My professors and I


Lately I’ve been reflecting on how much my professors have influenced my educational experience at UW. My relationships with my professors have been quite unlike any other relationships I’ve ever had. My professors are simultaneously my friends, my tormentors, my therapists, my guides, and my critics. They have confounded me, pushed me, infuriated me, and empowered me beyond my greatest imaginings. It’s to them that I owe my love of feminism, the delicacies of the English language, and the sound of my own voice.

Now, I know that not everyone feels the same towards their professors. At best, some students may only see their professors as pleasant-speaking acquaintances. At worst, they may consider their professors their judges, juries, and executioners all wrapped into one. I’ve been fortunate in many ways to have the opportunity to be taught by some amazing people, but I’ve also had professors that I didn’t meld well with.

There is one common characteristic among all professors: they love what they talk about. Sometimes, that love interferes with their ability to be instructors. They are so devoted to their subjects that they forget that their main role is to actually teach and become instead what one of my professors refers to as “fountains of knowledge.” They just spew out information into the classroom, and leave it up to the students to grasp what they can. Such a teaching style works for some people, but it certainly doesn’t work for me. I need structure. I need context. Without it, I struggle to weave the pieces of information together. What is worse is that these types of professors are so enamored with their subjects that they are dumbfounded when their students aren’t excited along with them, and they interpret these students’ stupefied expressions as a lack of interest in the material in general.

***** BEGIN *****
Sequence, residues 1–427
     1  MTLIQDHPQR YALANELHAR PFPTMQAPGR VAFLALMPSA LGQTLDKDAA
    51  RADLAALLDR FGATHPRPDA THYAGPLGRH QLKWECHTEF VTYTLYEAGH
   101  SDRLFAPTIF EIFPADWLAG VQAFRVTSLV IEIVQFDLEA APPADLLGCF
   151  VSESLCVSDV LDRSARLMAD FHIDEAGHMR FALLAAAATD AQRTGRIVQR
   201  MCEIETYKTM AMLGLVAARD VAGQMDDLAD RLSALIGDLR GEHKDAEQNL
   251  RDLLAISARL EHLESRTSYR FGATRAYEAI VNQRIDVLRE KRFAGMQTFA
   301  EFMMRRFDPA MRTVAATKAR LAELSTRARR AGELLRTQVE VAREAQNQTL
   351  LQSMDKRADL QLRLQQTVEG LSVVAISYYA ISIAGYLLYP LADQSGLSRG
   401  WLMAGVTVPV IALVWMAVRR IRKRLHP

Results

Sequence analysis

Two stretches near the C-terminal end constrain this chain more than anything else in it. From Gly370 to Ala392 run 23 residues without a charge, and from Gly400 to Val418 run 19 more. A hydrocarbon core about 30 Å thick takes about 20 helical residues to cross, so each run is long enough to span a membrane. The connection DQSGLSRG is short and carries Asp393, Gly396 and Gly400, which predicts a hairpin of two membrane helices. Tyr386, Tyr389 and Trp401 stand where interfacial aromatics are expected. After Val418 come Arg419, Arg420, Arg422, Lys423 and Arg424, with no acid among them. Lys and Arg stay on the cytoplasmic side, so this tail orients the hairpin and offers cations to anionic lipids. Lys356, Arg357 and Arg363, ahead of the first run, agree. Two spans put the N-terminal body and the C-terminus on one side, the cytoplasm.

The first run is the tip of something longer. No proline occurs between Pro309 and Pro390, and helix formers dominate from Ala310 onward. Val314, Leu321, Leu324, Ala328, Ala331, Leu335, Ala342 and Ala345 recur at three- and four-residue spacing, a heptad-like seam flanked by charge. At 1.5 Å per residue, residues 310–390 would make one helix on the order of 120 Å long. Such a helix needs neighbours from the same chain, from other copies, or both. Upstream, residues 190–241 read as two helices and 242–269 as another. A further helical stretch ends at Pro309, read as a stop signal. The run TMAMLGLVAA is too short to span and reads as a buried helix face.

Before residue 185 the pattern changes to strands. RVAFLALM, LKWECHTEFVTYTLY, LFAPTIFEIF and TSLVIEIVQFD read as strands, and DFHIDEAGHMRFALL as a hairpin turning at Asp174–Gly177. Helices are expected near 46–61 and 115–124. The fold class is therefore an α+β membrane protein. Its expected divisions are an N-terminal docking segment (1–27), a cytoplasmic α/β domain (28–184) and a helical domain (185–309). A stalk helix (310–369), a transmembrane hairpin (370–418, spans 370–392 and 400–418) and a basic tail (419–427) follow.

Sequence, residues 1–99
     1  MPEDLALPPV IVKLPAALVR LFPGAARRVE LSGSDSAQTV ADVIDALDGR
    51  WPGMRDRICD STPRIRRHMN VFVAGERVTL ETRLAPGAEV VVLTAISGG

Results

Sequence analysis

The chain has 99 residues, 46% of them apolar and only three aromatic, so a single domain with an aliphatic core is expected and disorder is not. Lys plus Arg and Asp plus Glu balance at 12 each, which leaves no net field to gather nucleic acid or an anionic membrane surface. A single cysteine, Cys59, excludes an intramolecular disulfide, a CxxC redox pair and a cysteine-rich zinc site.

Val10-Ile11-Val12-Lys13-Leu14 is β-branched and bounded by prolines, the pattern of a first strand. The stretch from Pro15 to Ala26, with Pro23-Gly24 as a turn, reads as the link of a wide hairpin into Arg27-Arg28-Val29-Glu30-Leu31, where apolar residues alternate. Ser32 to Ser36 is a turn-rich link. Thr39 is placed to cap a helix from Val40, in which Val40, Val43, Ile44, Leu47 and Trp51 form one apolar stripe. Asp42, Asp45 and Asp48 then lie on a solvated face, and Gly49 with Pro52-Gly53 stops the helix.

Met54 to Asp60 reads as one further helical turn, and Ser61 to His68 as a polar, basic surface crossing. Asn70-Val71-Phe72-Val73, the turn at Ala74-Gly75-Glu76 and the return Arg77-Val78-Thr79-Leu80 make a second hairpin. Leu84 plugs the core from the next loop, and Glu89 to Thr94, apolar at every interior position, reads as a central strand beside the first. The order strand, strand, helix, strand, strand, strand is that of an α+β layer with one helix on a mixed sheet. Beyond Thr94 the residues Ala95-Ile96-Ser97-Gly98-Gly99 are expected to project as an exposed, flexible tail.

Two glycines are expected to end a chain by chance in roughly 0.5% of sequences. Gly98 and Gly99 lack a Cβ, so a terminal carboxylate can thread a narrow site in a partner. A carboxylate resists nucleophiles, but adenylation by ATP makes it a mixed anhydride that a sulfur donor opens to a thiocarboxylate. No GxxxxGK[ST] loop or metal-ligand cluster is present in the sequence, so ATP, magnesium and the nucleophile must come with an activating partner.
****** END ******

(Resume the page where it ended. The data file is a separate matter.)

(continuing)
I’ve had a professor that has turned the most seemingly boring subject into one of the best classes I’ve ever had simply because she knew how to teach. My professor understood that not everyone learns the same way, so she tested our knowledge using several different types of projects: quizzes, an exam, an essay, a presentation, and a creative writing assignment. She also structured her lesson plan and filled each class with rich historical content.

I’ve also had a professor that managed to turn a really interesting topic into a course that made me experience physical pain. Each time I went to the class, I faced a barrage of tangents and unsupported arguments that made me so confused and frustrated that my calves ached to carry me out of the room. I wanted to protest what the professor was saying so badly that I would randomly envision myself standing up and screaming, “You’re being so unreasonable!” But I never did. Much to my dismay, I remained silent because the professor held something very important to me — my grade.

The grading system is the one defining problematic aspect of teaching. It is what creates those unique relationships that I have with my professors that I brought up earlier. And I think that it brings them constant misery. They want to view themselves as guides, not judges. The grading system prevents them from fully achieving that desire because it forces them to put a number on another person’s accumulation of knowledge.

I’ve talked to professors that strongly detest the grading system. They try to mix it up with having a variety of assignments, but they still have to evaluate their students. It’s very difficult to put a numerical value on understanding because it’s completely subjective. The student’s grade can be affected by an innumerable set of factors, including attitude, circumstances, and even something as simple as interest in the course itself. The student’s grade can even be affected by the attitude and circumstances of the professor. A professor that I had in second year said that she always drank red wine and ate chocolate when she graded tests because it made her feel happier, which caused her to be less nitpicky.

All in all though, I can’t say enough positive things about the professors who have been truly wonderful and inspiring people to me. Without them, I don’t know who I’d be. I wouldn’t be any less than I am right now, but the relationships between my professors and I have made me into a person that I truly admire. Thanks profs (you know who you are).